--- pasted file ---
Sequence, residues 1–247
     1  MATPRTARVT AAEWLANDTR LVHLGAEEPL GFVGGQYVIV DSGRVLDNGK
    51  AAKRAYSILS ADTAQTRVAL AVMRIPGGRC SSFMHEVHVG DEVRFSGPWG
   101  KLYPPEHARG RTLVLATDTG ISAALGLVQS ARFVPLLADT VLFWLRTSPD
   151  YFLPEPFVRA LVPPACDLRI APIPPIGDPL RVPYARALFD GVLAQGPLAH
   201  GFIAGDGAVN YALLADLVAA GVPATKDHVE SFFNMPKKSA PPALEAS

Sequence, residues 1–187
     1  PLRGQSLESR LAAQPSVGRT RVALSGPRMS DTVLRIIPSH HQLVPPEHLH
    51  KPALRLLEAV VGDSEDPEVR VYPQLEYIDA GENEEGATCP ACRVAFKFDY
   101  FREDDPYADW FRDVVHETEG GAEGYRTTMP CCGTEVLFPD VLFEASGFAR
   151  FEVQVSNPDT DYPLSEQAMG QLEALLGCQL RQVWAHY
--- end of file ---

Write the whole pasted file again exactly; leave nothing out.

Sequence, residues 1–247
     1  MATPRTARVT AAEWLANDTR LVHLGAEEPL GFVGGQYVIV DSGRVLDNGK
    51  AAKRAYSILS ADTAQTRVAL AVMRIPGGRC SSFMHEVHVG DEVRFSGPWG
   101  KLYPPEHARG RTLVLATDTG ISAALGLVQS ARFVPLLADT VLFWLRTSPD
   151  YFLPEPFVRA LVPPACDLRI APIPPIGDPL RVPYARALFD GVLAQGPLAH
   201  GFIAGDGAVN YALLADLVAA GVPATKDHVE SFFNMPKKSA PPALEAS

Sequence, residues 1–187
     1  PLRGQSLESR LAAQPSVGRT RVALSGPRMS DTVLRIIPSH HQLVPPEHLH
    51  KPALRLLEAV VGDSEDPEVR VYPQLEYIDA GENEEGATCP ACRVAFKFDY
   101  FREDDPYADW FRDVVHETEG GAEGYRTTMP CCGTEVLFPD VLFEASGFAR
   151  FEVQVSNPDT DYPLSEQAMG QLEALLGCQL RQVWAHY